By New Times
By Derek Askey
By Mark Deming
By Serene Dominic
By Jason Keil
By Robrt L. Pela and Amy Silverman
By Jeff Moses
By Serene Dominic
Why did it take so many tries to figure out the magic recipe for serving up Meat Loaf again? The all-telling cover art provides us with the necessary clues! Note: Every ignored follow-up is missing the three essential ingredients, in tandem: a muscle-bound boy, his bike and that darned bat!
Bad for Good (Jim Steinman) (1981)
Not since Pete Best's Best of the Beatles has there been a more misleading album cover. Steinman's name appears dead center in the same font as the Meat Loaf logo, the better to fool the few nearsighted and brain-dead Meat Loaf fans who bought into this charade. Not even the clever substitution of Bad for Bat in the title and our Aryan cover star trading in his wheels for wings could stifle the cries of "Where's the bat?"
Dead Ringer (1981)
The Meat Loaf logo returns, at three times its regulation size, to better fill up space left by the withdrawn "Songs by Jim Steinman" credit. Blondie gets his trusty bike back, and, for all his troubles, he's accrued three groupies. He's not even in a rock band, yet he has the same number of nymphettes that each member of Kiss winds up with on that band's Love Gun cover, if you divide up all the gals by four! Still, people complained about missing the bat!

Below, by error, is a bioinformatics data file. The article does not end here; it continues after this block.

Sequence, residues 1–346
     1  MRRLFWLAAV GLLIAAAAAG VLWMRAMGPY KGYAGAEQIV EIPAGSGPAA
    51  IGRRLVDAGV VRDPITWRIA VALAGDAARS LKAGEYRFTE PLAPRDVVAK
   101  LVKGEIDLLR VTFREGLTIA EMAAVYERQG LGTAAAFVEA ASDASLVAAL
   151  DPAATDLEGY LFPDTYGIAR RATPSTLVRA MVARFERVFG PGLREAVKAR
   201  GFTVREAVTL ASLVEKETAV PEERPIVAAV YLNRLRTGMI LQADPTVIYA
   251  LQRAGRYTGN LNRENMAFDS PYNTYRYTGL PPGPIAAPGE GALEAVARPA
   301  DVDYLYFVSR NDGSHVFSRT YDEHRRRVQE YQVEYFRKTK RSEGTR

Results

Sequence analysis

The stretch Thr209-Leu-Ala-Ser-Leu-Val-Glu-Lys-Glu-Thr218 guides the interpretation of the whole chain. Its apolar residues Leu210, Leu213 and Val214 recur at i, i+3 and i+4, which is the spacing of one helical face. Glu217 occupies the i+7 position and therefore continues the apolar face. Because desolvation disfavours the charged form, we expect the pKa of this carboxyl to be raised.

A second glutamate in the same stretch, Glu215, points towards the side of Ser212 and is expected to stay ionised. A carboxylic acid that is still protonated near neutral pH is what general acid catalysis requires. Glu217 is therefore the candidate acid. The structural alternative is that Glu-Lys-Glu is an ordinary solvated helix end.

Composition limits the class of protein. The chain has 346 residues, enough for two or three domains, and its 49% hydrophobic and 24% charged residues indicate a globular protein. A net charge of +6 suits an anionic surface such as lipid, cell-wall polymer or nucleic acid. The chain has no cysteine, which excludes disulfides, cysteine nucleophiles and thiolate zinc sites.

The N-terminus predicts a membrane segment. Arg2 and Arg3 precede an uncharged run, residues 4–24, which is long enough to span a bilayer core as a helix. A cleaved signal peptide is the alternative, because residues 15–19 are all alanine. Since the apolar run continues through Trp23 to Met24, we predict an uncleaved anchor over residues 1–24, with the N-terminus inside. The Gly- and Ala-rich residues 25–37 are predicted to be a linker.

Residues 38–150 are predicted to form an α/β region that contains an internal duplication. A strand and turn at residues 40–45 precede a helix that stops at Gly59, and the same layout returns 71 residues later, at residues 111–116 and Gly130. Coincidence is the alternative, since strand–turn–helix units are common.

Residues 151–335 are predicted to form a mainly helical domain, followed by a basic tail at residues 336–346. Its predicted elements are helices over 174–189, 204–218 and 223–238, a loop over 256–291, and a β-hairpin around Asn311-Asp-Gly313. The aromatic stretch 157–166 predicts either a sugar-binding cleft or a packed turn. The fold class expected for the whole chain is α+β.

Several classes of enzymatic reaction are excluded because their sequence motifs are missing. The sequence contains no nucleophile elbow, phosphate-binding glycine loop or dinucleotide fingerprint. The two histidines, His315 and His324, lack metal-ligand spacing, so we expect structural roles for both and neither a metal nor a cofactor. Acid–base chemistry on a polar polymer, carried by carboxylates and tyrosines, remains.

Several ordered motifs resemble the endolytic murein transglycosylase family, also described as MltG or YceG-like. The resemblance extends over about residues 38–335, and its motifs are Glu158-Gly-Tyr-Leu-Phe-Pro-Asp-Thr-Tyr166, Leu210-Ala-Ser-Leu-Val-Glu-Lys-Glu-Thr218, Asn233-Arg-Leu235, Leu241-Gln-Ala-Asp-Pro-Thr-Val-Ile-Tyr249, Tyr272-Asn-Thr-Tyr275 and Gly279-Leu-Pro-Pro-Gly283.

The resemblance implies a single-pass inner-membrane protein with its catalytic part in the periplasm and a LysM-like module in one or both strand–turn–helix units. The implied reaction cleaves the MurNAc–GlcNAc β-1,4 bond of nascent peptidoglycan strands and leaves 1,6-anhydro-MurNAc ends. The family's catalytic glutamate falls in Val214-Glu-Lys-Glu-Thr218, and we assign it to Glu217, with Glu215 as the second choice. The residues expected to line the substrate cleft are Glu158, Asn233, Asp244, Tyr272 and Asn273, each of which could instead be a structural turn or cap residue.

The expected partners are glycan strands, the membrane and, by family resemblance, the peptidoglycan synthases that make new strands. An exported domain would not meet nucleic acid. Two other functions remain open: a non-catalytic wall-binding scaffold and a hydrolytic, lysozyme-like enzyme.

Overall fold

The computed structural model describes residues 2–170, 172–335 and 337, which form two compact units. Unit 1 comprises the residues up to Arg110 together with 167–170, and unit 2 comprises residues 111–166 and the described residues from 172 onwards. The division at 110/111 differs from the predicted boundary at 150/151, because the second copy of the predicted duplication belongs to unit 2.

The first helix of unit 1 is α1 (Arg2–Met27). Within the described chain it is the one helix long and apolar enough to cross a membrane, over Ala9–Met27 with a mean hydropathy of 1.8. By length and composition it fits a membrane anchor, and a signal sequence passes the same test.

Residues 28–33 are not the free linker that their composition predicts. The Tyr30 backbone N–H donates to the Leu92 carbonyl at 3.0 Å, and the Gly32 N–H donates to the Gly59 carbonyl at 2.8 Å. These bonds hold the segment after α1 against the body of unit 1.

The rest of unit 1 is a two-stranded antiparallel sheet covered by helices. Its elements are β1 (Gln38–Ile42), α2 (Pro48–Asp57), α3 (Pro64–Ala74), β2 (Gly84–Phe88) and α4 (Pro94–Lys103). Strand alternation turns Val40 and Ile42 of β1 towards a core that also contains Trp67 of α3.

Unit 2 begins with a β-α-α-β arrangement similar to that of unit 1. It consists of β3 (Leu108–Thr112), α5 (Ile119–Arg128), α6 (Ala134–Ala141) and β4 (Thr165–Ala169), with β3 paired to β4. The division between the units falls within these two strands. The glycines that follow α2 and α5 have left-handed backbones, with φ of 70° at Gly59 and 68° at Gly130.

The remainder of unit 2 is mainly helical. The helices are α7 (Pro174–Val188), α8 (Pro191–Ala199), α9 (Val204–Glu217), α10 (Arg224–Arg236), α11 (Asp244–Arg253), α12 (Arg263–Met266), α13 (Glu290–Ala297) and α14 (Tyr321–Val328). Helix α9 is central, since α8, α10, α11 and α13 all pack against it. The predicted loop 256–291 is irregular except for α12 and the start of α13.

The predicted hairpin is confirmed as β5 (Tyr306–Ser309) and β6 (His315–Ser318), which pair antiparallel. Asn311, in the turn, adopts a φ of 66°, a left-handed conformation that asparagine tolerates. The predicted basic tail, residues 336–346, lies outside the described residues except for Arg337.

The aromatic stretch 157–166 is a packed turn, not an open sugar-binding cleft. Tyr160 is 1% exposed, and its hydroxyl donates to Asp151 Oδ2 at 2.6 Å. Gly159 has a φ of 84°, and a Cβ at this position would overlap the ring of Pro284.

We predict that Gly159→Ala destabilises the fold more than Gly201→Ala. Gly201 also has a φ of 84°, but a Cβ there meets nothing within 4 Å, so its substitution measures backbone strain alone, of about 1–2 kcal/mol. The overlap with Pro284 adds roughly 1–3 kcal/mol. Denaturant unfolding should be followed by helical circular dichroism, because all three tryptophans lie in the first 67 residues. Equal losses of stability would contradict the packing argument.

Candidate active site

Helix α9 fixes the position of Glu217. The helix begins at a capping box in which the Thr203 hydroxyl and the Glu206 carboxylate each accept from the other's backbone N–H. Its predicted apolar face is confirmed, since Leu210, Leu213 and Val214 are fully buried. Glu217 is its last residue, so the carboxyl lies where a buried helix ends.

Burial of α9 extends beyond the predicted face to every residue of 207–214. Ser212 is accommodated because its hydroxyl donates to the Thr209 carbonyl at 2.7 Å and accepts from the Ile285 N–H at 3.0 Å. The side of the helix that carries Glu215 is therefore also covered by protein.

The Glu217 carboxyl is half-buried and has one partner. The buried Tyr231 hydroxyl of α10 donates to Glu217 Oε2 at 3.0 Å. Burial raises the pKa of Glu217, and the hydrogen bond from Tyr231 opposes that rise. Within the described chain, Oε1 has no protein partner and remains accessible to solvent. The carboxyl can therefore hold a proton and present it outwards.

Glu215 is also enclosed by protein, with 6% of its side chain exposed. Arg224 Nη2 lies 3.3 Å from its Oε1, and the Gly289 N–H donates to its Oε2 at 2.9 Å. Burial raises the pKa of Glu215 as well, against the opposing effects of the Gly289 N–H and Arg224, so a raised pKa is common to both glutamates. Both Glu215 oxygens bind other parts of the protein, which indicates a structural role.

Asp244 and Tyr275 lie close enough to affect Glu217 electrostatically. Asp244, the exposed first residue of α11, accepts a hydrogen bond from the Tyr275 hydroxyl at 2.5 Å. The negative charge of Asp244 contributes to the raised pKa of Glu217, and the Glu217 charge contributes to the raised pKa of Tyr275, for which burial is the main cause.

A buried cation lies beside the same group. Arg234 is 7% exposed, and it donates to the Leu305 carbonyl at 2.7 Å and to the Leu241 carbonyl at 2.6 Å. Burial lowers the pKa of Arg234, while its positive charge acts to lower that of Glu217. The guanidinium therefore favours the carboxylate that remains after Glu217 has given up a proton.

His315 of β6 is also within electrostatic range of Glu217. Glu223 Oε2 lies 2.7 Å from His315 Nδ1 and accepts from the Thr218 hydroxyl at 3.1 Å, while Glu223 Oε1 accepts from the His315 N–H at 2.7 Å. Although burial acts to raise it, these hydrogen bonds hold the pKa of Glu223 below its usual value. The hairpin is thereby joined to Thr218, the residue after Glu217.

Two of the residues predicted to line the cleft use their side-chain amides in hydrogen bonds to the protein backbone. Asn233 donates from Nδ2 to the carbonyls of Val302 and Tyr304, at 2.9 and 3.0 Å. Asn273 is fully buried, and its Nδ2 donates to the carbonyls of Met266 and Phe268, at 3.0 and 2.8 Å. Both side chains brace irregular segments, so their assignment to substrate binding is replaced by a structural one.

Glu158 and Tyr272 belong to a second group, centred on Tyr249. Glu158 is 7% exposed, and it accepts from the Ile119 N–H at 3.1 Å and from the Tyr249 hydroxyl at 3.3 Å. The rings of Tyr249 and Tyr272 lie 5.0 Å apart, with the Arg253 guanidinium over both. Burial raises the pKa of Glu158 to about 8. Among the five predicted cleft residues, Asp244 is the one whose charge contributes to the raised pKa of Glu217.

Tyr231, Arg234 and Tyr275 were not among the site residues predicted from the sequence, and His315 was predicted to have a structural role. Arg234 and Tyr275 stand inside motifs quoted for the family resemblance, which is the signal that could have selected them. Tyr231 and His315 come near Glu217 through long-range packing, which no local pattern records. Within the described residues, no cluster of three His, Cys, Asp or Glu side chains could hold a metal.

Bad Attitude (1985)
Oh, what a tangled web! The second of the Bat Out of Hell sound-alike titles has the prodigal motorcycle returning, but now Hercules is gone, replaced by some gum-poppin' slut. She's got a snake coiled around her, but it is, alas, the wrong animal! After this, three ill-advised albums were released with Meat's mug plastered on the front covers, one which wasn't even released in the U.S. Bring back the phony Frank Frazetta artwork, and hurry!
Bat Out of Hell II: Back Into Hell (1993)
Meat finally gets wise, and the bat returns. Note how much Loaf has grown in stature during his absence, with muscle boy and his bike now diminished, and humbler. There's a woman, as well, but hindsight reveals that women, winged or otherwise, were never part of the lucky formula that induces people to buy Meat Loaf albums. Scoff if you like, but remember--when they took the pyramids off Camel cigarette packs, sales plummeted!